|Department of Public Information • News and Media Division • New York|
United Nations Cannot Function Properly without Strong Support, Participation
of Private Sector, Secretary-General Tells Regional Business Summit
Following are UN Secretary-General Ban Ki-moon’s remarks at the Association of South-East Asian Nations (ASEAN) Business Summit in Bali, Indonesia, on 18 November:
It’s a great pleasure for me to address distinguished leaders of business community on this occasion of the ASEAN and East Asian Summit meeting.
I have been making great contributions, as well as participating and being involved in ASEAN community-related issues and I’m particularly delighted to be here today with such a distinguished group of business leaders. Precisely because of your standing and record of success, I would like to ask for your help on an issue that keeps me awake most nights.
As Secretary-General, as you know, I’m dealing with so many issues, starting from peace and security and environmental challenges and human rights issues, including how we can work together with business community leaders. One good lesson which I have learned in the last five years as Secretary-General is that the United Nations cannot properly function without the strong support and participation of business leaders. I know that most of you are more interested in and concerned about the current world economic crisis, and you are more interested in your own business performance.
However, today, I’d like to discuss with you, and I’d like to really ask for your personal leadership involvement on an issue which I regard as most important for our communities. So I hope that you will bear with me if I do not say anything about security or world economic issues. I’m sure that you have already heard from President [Susilo Bambang] Yudhoyono or from the President of the Republic of Korea. You are going to hear from [United States] Secretary [of State Hillary] Clinton and many other distinguished leaders who will come and share with you their thoughts about what’s going on in this world in politics and business and development.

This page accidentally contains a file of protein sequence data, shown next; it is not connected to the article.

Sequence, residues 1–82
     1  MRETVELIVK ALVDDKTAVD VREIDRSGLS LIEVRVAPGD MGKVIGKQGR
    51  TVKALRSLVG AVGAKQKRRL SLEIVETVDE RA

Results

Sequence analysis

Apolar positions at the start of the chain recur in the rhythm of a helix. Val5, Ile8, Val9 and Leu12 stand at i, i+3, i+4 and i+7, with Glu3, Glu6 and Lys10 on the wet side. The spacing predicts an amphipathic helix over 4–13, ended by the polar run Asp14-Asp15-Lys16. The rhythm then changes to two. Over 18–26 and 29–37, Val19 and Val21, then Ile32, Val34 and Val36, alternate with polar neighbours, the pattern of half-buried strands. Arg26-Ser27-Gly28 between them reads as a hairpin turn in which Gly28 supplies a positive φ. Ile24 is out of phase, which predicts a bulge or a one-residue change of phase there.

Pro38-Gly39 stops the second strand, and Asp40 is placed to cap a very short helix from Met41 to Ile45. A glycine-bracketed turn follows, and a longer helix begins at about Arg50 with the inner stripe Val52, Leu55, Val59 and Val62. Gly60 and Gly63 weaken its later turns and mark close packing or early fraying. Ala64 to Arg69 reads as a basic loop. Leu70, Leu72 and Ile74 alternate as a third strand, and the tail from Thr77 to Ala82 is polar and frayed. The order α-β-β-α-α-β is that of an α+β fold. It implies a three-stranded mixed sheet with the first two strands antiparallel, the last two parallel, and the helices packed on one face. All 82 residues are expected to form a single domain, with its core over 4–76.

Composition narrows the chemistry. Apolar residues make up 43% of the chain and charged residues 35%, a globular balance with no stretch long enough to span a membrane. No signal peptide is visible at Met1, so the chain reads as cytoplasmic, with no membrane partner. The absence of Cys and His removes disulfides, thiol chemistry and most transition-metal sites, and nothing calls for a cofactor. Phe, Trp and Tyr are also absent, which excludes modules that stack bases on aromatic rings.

But I’d like to take one aspect, one aspect of these development challenges. That is the health of the world’s women and children. So I would like to focus only on this issue. Because it may be new to you, it may be more important for you to make a contribution [to this].
Yesterday, I visited the remote and mountainous region of Kalimantan in Borneo. There’s a health facility that does incredible work — the Menteng Clinic. Sitting with some of the women and girls being treated there, one of them told her story.
Not long ago, women in the area gave birth as best they could. Then the clinic opened. This particular woman went in early and got free care. And when she experienced complications with her pregnancy, a trained midwife was there to help. Without these services, both she and her baby might have died.